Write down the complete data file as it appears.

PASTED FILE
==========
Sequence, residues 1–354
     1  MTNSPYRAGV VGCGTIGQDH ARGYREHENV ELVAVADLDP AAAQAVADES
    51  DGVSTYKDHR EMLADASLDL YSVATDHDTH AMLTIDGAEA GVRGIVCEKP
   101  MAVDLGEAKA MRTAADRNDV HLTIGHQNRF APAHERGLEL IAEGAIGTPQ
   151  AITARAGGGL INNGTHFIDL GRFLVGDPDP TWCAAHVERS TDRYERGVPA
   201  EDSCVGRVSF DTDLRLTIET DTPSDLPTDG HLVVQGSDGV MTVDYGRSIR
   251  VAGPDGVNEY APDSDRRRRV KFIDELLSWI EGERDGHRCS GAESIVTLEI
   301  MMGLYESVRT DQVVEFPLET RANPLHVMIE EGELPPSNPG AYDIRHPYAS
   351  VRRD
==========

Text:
Sequence, residues 1–354
     1  MTNSPYRAGV VGCGTIGQDH ARGYREHENV ELVAVADLDP AAAQAVADES
    51  DGVSTYKDHR EMLADASLDL YSVATDHDTH AMLTIDGAEA GVRGIVCEKP
   101  MAVDLGEAKA MRTAADRNDV HLTIGHQNRF APAHERGLEL IAEGAIGTPQ
   151  AITARAGGGL INNGTHFIDL GRFLVGDPDP TWCAAHVERS TDRYERGVPA
   201  EDSCVGRVSF DTDLRLTIET DTPSDLPTDG HLVVQGSDGV MTVDYGRSIR
   251  VAGPDGVNEY APDSDRRRRV KFIDELLSWI EGERDGHRCS GAESIVTLEI
   301  MMGLYESVRT DQVVEFPLET RANPLHVMIE EGELPPSNPG AYDIRHPYAS
   351  VRRD